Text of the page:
Crowdsourcing and the Boston Manhunt: Lessons for Educators


It is quite strange living on the other side of the world when tragic events like the Boston Marathon attacks occur back at home.  The first time I was in this situation was in 2001 on September 11th.  I was teaching a class in Caracas, Venezuela when our counselor showed up to let me know that she needed to remove a student from my class whose father might have been in the towers.  At the time I had no idea what she was talking about.  There was no Facebook, there was no Twitter.  The most current information we could access came from a news broadcast of CNN that was occasionally blocked by the Venezuelan government and replaced by one of Chavez's long-winded "chats".  Needless to say, CNN was not being broadcast in my classroom while I was teaching, so I was essentially in the dark. 

Fast forward 12 years to this past week.  Chavez is no more, and social media has completely changed the way people communicate with each other on a global scale.  Last night I attended the opening night of our school musical, "Oliver".  While waiting for it to start, I was reading the #bostonmanhunt Twitter updates on my iPhone via Flipboard.  When I read that they had caught up to the SUV and had a house surrounded, I mentioned this to my friend and a parent sitting in my row as they were also reading updates on their phones. My friend had been reading the New York Times and promptly realized that if he wanted instant updates he would have to switch to Twitter.  What ensued was a discussion of mixed messages gleaned from our separate Twitter feeds regarding the origins of the Tsarnaev's.  Did they ever live in Chechnya or were they from Kazakhstan, Kyrgyzstan, or Turkey?  Wait... maybe they have always lived in the states.  Did they rob a 7-11 or not?  And on and on it went.  The conversation reminded me of an article I had read about the New York post that morning, and a similar misguided virtual manhunt on Reddit

NPR said it best in a tweet:

This morning I read something that connected the dots to education for me resulting in this post.  In his blog, Adam Gopnik of the New Yorker wrote: 

The incomparable A. J. Liebling wrote once that there are three kinds of journalists: the reporter, who says what he’s seen; the interpretive reporter, who says what he thinks is the meaning of what he’s seen; and the expert, who says what he thinks is the meaning of what he hasn’t seen. The first two—reporters and interpretive reporters—have been largely undermined by economics and incuriosity. But the third category never stops growing. We are now a nation of experts, with millions of people who know the meaning of everything that they haven’t actually experienced.

In an earlier post of mine, Old Habits Don't Seem to Die, I broached this very same issue as it pertains to education.  You see the problem is that we are still educating our kids to become "experts" in our content areas rather than knowledgeable networkers or people capable of collecting, outsourcing and connecting dots. In this age of social media and crowdsourcing, why are we not shifting the paradigm to produce knowledgeable networkers instead of knowledgeable workers?  This morning I read a  disturbing post from an IT Director and AP outside of Chicago.  His tweet that accompanied this post said "Facebook vs. Education - Who wins?".  Though he makes some good points and offers some good strategies, his first piece of advice to educators is to block Facebook in schools.  This is not the answer. In my classroom this competition between Facebook and Education does not exist. The key is to make your class more engaging than Facebook for your students.  To do this, you need to become a facilitator of learning rather than a delivery service for content. Then educate your students on how to use social media safely for learning, design activities that utilize social media tools in your classroom, and transform social media platforms into tools for knowledgeable networking so that your students will be better prepared for their future.  If you want to explore this further, check out my post, Dropping the F-bomb in Class:  Why?.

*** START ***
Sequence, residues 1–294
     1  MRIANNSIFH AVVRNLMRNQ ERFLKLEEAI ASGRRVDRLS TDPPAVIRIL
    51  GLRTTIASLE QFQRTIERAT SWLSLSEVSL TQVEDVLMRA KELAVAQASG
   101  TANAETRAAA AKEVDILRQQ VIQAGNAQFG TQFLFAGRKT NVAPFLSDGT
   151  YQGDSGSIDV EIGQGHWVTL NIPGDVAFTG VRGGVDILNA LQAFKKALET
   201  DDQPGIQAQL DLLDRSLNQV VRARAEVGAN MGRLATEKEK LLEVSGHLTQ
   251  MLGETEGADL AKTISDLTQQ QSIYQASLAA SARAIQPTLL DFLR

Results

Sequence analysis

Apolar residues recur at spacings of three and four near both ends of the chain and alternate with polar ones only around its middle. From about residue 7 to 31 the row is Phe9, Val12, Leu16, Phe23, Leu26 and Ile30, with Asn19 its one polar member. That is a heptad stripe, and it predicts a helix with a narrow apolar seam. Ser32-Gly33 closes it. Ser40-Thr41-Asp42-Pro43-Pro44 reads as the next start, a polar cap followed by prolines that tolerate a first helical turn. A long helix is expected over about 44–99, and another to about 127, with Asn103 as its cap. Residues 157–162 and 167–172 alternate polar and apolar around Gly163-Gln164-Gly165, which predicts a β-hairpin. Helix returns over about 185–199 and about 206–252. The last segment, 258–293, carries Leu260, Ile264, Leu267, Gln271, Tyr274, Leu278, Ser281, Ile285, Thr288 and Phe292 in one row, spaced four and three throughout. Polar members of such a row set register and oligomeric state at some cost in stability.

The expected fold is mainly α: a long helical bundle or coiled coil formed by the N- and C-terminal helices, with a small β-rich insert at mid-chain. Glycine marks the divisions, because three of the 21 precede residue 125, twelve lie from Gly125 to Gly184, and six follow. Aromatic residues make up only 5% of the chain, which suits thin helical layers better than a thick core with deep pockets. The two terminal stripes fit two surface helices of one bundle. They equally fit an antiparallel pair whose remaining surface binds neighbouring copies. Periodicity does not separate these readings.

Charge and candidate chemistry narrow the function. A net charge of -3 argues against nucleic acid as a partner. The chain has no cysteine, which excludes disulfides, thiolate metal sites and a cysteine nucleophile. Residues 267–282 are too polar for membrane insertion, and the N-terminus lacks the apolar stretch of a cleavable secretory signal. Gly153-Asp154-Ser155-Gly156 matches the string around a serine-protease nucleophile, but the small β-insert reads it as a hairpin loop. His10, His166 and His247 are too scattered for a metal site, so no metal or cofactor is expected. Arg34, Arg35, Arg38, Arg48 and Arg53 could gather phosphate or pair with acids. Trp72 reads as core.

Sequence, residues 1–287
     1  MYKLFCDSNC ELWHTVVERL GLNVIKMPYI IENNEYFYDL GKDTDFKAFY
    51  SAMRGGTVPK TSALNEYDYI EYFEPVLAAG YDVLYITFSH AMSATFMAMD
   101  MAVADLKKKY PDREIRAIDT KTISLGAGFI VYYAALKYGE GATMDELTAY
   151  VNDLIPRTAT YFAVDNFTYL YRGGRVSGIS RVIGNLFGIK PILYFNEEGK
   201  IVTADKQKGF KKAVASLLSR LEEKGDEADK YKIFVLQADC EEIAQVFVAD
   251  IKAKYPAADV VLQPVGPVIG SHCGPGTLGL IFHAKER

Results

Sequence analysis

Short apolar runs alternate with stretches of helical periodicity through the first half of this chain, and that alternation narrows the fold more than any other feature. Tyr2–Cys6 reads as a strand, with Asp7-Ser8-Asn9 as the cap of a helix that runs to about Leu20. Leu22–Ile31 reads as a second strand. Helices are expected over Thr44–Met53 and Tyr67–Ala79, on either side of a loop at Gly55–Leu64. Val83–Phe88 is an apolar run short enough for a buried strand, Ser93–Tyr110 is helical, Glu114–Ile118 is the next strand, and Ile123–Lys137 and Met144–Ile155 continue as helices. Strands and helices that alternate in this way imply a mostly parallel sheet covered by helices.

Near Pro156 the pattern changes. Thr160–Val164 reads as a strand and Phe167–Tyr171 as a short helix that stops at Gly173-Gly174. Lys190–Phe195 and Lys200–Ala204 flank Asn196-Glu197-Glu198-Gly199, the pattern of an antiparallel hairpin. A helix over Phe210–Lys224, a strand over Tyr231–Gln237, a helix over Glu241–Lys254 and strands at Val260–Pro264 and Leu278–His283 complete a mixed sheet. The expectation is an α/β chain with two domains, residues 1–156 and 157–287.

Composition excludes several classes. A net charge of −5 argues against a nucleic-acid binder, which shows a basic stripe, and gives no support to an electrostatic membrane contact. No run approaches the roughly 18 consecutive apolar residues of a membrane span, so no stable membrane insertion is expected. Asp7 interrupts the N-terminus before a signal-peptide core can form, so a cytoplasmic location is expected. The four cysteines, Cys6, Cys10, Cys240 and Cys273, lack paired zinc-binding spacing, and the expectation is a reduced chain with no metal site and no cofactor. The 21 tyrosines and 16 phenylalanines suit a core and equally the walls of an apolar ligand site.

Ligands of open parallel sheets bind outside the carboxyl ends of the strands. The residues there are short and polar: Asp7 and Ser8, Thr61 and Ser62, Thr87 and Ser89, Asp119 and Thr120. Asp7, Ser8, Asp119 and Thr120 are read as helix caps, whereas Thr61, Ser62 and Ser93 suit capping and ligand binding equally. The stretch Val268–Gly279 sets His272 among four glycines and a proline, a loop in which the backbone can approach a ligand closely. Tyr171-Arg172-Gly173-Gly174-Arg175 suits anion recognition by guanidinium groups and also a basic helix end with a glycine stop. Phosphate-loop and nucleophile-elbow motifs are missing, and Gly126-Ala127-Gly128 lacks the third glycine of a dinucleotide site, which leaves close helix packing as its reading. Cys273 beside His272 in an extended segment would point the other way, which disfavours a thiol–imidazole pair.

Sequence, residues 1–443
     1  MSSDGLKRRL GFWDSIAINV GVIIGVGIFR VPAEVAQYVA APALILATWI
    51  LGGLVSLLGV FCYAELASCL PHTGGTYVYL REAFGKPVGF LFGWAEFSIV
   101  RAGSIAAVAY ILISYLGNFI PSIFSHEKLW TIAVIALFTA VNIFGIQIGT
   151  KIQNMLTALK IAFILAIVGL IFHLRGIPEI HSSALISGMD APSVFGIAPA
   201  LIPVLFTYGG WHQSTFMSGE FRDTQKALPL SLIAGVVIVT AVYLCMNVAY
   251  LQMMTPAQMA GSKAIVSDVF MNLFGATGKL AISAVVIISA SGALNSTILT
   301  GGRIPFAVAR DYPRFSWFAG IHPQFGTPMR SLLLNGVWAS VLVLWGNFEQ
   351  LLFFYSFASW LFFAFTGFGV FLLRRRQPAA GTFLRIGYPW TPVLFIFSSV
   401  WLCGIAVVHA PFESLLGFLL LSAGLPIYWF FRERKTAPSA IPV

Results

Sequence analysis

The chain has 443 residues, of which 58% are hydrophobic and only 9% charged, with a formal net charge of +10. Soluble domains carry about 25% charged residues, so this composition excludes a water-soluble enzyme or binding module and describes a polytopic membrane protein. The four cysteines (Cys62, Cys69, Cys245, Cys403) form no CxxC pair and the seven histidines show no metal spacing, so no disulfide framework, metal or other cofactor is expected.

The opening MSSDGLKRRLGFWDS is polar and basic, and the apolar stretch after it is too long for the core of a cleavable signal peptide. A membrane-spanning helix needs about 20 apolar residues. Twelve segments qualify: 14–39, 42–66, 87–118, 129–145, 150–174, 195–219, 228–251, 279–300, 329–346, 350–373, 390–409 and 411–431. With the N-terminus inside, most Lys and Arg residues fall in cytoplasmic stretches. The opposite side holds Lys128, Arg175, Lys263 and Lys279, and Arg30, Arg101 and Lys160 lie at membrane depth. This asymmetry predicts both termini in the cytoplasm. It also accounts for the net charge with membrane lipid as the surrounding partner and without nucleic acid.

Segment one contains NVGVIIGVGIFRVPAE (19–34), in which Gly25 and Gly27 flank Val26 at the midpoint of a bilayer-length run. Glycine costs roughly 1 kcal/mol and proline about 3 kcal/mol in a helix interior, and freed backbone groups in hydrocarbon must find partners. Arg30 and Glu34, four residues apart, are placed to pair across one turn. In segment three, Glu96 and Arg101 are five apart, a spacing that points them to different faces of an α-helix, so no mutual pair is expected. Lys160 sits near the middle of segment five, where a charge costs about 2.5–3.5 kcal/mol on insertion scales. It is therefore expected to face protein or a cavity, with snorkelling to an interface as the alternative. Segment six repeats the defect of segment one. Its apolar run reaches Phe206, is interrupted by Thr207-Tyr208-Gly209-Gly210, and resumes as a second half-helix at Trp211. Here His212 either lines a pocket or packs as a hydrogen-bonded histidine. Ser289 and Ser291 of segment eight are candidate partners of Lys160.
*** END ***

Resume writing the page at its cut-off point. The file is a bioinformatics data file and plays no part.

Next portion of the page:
If the crowdsourcing efforts of the Boston manhunt are any indication, it is clear that education will lose to social media if you make it a competition.  It is also apparent that many of the crowdsourcers involved in this effort mistakenly saw themselves more as journalistic experts than the first two types.  These individuals need to learn how to collect dots before connecting them.  They also need to learn that sometimes it is not their role to connect the dots.  It is our job as educators to teach them these skills.  It is time for us  to switch our focus from producing experts to producing more knowledgeable networkers. We must  join forces, educate ourselves on the powers of social media both good and bad and then teach our children to use the tools responsibly and effectively. 

My thoughts are with the people in Boston right now as they begin their healing process.  Over the next few days my feed will be flooded with stories of those who were personally impacted by this tragedy along with posts attempting to understand the motivation of these two men.  We will read these together as a nation, no a world, attempting to connect the dots that may not be ours to connect.